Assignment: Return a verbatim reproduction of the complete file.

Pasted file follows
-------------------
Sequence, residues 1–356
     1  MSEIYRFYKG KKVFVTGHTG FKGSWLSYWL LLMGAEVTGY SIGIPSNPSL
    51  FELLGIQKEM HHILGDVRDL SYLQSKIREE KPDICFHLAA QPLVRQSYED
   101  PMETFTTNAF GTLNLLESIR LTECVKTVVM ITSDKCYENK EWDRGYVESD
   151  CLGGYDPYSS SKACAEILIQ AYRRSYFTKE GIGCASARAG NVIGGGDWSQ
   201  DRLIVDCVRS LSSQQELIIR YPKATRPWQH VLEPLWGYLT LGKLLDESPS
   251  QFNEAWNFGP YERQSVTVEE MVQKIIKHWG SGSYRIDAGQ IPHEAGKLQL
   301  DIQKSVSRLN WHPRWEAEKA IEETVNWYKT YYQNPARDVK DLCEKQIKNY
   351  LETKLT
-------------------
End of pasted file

Sequence, residues 1–356
     1  MSEIYRFYKG KKVFVTGHTG FKGSWLSYWL LLMGAEVTGY SIGIPSNPSL
    51  FELLGIQKEM HHILGDVRDL SYLQSKIREE KPDICFHLAA QPLVRQSYED
   101  PMETFTTNAF GTLNLLESIR LTECVKTVVM ITSDKCYENK EWDRGYVESD
   151  CLGGYDPYSS SKACAEILIQ AYRRSYFTKE GIGCASARAG NVIGGGDWSQ
   201  DRLIVDCVRS LSSQQELIIR YPKATRPWQH VLEPLWGYLT LGKLLDESPS
   251  QFNEAWNFGP YERQSVTVEE MVQKIIKHWG SGSYRIDAGQ IPHEAGKLQL
   301  DIQKSVSRLN WHPRWEAEKA IEETVNWYKT YYQNPARDVK DLCEKQIKNY
   351  LETKLT